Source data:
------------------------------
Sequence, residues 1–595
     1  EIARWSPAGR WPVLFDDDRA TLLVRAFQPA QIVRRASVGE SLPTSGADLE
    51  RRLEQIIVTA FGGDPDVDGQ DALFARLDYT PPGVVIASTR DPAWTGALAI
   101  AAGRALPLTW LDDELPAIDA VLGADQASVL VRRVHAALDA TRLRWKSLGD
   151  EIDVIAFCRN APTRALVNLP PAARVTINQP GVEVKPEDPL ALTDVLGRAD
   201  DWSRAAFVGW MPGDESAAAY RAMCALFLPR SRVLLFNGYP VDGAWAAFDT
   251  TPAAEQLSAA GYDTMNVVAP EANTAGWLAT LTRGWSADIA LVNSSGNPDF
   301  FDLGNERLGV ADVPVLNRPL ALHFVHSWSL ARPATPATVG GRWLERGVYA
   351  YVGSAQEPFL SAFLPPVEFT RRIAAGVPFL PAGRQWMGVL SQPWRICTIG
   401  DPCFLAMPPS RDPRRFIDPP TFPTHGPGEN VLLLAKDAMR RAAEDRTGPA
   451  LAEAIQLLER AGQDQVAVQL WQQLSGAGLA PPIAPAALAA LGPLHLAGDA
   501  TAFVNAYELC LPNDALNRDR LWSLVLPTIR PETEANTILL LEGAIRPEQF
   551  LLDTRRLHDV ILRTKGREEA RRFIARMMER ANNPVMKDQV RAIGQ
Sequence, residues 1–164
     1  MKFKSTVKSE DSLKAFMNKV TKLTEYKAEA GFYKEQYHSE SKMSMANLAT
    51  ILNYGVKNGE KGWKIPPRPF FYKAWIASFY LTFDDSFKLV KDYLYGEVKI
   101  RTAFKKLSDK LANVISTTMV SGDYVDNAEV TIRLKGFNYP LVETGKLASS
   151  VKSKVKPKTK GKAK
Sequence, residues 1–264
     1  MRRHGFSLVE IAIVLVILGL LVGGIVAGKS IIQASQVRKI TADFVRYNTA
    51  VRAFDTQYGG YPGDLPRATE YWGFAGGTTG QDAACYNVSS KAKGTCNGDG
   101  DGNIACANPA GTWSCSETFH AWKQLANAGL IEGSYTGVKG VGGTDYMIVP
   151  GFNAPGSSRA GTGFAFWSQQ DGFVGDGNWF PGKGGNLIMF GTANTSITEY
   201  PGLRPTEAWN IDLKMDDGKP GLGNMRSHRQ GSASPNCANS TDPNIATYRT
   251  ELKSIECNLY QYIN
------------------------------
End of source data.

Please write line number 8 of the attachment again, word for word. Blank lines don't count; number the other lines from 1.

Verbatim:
   301  FDLGNERLGV ADVPVLNRPL ALHFVHSWSL ARPATPATVG GRWLERGVYA